8 new and improved features of Acrobat X

Adobe's latest refresh of their PDF creator/editor, Acrobat X (version 10), is available in three formats: Standard, Pro and Suite. We reviewed the Pro version. The standard version has fewer features, and the Suite is the Pro version bundled with Photoshop.

UI shifts to the right

The GUI of Acrobat X Pro now includes a pane that you can open along the right side of your PDF document. There are three pane categories: Tools, Comment and Share. The Tools Pane gives you a way to manipulate every aspect of your PDF, such as letting you quickly select the proper tools to edit the document's text or graphics, delete or insert pages, or set its security protection.

The Comment Pane contains marking and drawing tools to annotate a document, and lists any comments left by you or others who have looked over it.

The Share Pane makes it easy for you to send the displayed PDF to another person by e-mail, or to upload it to Adobe's online file storage and sharing service, SendNow.

We found the addition of these panes greatly improves the usability of Acrobat X Pro. They made it easier to find the tools and functions we needed to access to edit, secure and distribute PDF documents. Everything is laid out and categorized clearly.

Action Wizard to the rescue

Acrobat X Pro now includes the "Action Wizard," which is Adobe's friendly name for the application's new tool for letting you create macros to automate certain tasks you want done to your PDF documents. Say you have a whole lot of PDFs that must be purged of their comments and, after this, you also need the resulting PDFs converted to JPG images. You can create a script (AKA "Action") with the Action Wizard to automatically do this, whenever you invoke it, so you won't have to go through doing these steps to each document separately.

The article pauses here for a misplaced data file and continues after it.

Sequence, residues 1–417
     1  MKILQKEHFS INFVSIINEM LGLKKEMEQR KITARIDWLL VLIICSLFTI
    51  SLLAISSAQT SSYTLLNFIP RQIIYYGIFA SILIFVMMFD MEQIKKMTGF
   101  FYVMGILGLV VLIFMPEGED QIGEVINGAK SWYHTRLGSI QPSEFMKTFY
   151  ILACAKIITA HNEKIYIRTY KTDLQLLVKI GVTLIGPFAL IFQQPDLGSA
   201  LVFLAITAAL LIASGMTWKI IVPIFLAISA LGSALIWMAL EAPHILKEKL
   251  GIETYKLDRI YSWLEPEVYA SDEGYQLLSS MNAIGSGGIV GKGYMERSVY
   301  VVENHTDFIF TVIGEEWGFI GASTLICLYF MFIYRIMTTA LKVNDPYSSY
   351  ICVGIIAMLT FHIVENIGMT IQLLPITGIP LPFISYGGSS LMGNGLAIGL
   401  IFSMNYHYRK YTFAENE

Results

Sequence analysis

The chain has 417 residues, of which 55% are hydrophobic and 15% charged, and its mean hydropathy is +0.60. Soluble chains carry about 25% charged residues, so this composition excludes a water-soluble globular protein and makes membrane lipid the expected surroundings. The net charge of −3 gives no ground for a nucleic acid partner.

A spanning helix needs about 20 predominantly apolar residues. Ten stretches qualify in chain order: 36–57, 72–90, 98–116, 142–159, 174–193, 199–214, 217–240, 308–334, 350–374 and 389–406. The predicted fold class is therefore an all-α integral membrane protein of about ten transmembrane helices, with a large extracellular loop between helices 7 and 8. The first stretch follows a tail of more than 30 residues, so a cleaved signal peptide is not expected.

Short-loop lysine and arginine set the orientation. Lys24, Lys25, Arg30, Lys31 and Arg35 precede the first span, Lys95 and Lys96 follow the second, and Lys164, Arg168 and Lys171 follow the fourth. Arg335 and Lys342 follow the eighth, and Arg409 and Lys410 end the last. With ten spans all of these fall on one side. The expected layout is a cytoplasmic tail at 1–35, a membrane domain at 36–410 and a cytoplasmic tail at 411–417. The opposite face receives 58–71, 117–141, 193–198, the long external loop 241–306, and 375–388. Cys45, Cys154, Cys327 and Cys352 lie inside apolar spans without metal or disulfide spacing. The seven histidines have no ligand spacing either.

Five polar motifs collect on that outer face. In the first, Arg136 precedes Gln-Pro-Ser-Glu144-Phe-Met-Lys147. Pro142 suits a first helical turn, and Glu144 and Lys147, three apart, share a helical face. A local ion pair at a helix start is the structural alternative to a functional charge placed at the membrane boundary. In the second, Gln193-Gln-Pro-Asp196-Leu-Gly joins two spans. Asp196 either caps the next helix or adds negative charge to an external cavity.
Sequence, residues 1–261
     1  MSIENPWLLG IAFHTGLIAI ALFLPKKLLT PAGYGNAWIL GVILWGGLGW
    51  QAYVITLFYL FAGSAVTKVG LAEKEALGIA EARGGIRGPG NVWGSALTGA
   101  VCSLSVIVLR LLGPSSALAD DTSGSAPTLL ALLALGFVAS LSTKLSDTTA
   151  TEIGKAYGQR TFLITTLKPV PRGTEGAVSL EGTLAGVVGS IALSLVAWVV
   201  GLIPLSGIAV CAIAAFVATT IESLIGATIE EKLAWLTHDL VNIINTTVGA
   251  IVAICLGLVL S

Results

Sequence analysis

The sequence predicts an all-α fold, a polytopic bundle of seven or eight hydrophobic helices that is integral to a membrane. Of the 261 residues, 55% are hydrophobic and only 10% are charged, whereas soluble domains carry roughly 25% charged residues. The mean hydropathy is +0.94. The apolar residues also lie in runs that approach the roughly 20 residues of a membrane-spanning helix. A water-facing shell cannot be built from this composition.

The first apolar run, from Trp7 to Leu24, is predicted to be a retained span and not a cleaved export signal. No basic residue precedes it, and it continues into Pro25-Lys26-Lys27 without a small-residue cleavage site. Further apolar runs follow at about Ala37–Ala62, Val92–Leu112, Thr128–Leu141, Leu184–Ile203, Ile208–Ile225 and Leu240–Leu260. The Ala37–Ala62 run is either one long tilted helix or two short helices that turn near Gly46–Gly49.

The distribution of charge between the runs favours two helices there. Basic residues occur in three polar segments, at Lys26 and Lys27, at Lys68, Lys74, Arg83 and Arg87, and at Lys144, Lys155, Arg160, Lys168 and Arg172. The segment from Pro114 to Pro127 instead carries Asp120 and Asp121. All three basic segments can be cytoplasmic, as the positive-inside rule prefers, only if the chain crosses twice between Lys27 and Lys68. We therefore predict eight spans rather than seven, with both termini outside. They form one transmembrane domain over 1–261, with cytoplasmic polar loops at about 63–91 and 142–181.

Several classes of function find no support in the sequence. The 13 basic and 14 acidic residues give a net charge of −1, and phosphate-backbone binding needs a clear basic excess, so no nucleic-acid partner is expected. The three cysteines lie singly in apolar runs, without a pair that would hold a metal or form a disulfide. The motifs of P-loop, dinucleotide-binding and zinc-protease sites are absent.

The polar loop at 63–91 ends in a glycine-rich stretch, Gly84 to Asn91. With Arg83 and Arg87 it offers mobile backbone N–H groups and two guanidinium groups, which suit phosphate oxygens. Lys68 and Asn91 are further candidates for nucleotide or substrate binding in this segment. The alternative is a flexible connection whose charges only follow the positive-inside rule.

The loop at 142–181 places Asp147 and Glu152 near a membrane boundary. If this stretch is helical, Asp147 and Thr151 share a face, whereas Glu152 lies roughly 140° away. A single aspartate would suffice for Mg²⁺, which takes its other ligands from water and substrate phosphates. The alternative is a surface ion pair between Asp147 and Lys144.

The Action Wizard tool is surprisingly robust -- almost every conceivable adjustment you might want to do to multiple PDF documents can be automated (for example delete pages, attach files, add/remove watermarks, add encryption, and even sending them to a printer). The input files can be PDF documents, a graphic file, or directly come from a scanner.

Tasks for an Action are listed in descending sequential order of when they will be executed. We like how intuitive it is to change the running order of these tasks by simply clicking on a task and dragging it to another spot on the list.

How strong is my password?

Now when you apply a password to a PDF document, Acrobat X Pro includes a ratings system telling you how tough the password you chose will be for someone to guess or break. The range goes from Weak, Medium, Strong and Best.

This isn't a ground-breaking feature; there are free programs and Web sites that will test the strength of your passwords. But it is convenient to have it built into Acrobat X Pro that automatically rates your password as you apply encryption. You can assign two separate passwords to a document: one requiring the user to enter in order to read the PDF, and another to edit or print it.

Scanning and optical character recognition (OCR)

Acrobat X Pro features enhancements to its scanning and OCR technology. It can automatically recognize if a page is in color, grayscale, or primarily solid black-on-white, and, thus, scan the page appropriately to preserve its original look.